• Australia implemented a ban on the wild capture of dolphins in 1991. This prohibition was enforced under the Australian National Parks and Wildlife Conservation Act.
  • In 2021, French parliament passed a bill that bans dolphin shows as well as wild animals used in circuses.
  • In 2006 Mexico has a ban on the capture, import and export of all cetaceans.
  • While the UK has no ban on keeping cetaceans in captivity, due to strict regulations the country has no cetaceans in captivity.
  • In 2022, Sweden’s Kolmården zoo, the largest zoo in Scandinavia, announced it will end its dolphin shows. A similar ban has been in place in Canada since 2019
  • Thanks to World Animal Protection’s global campaign Behind the Smile and over 350,000 of our supporters, Expedia became the latest among travel agencies to stop selling tickets that include dolphin shows.

Key Facts:

- Six major travel companies, including, Klook, Traveloka, GetYourGuide, and Groupon, have been identified as key players in this unethical trade, selling tickets to venues linked to the Taiji hunts.

- Dolphins captured in Taiji are being exported to 17 countries globally, including traveller hotspots like Thailand, Vietnam, Mexico, and the Philippines.

- Despite mounting evidence of cruelty, many of these companies have turned a blind eye to the suffering of these intelligent marine mammals, prioritising profit over ethics.

- Alarmingly, dolphins captured in Taiji are often traded between dolphin entertainment venues, obscuring the direct link to the deadly hunts and perpetuating the cycle of exploitation.

- The report highlights the lack of transparency in the trading of wild-caught dolphins, leading to confusion among tourists and travel companies about the origin of dolphins used in entertainment venues.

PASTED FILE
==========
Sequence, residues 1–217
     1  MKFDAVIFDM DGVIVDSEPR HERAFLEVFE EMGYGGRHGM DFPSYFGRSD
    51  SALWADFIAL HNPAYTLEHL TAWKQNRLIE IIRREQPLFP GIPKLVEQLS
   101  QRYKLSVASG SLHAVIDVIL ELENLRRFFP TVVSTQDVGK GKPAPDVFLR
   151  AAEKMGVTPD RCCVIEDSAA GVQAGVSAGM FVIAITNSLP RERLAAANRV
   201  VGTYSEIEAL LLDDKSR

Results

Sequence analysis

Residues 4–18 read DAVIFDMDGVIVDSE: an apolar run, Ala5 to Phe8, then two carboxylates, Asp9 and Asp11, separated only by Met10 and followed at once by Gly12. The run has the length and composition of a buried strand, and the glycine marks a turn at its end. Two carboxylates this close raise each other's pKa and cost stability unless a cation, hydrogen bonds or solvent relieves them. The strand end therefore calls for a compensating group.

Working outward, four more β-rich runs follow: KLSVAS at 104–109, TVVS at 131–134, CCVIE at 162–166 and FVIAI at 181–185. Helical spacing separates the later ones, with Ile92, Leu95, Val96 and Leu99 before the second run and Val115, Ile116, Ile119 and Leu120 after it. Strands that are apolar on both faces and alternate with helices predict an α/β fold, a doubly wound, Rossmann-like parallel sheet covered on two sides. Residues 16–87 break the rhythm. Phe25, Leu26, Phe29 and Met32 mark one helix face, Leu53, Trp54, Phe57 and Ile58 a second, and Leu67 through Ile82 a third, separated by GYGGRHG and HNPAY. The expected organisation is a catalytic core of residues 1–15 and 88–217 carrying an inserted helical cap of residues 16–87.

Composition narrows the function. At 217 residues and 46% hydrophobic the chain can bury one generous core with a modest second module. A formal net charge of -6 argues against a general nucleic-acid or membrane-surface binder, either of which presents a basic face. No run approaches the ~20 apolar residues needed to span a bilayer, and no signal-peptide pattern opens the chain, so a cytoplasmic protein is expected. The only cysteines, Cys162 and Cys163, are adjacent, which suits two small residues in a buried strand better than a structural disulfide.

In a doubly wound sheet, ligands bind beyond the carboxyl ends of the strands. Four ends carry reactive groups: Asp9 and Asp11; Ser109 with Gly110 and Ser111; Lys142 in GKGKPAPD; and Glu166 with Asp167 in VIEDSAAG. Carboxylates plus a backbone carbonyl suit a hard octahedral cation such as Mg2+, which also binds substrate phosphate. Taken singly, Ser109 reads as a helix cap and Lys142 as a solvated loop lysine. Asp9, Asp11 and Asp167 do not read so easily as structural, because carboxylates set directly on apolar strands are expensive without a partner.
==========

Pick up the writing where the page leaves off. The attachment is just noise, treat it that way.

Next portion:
- There is a misconception that the hunts are fuelled by demand for dolphin meat. In reality, dolphin venues are the primary financial driver with trained dolphins can sell for up to US$150,000 to overseas dolphin entertainment venues.

Implication for Australian travellers:

Australian travellers could unknowingly contribute to this cruel industry by purchasing tickets to venues linked to the Taiji hunts, perpetuating the cycle of exploitation and suffering. This is often done through travel companies who do not have adequate policies in place.

About us:

About World Animal Protection

World Animal Protection is the global voice for animal welfare, with more than 70 years’ experience campaigning for a world where animals live free from cruelty and suffering. We have offices in 12 countries and work across 47 countries. We collaborate with local communities, the private sector, civil society and governments to change animals’ lives for the better.

About Action for Dolphins

Action for Dolphins has been working to impact the economic viability of hunting dolphins in Taiji, Japan, for 12 years. In 2015, Action for Dolphins brought a legal action against the World Association of Zoos and Aquariums which led to 62 Japanese aquariums cutting ties with the dolphin hunts.

Contact details:

To organise an interview or speak to a spokesperson, please contact: Sandra Sopin at or on 0435 957 773.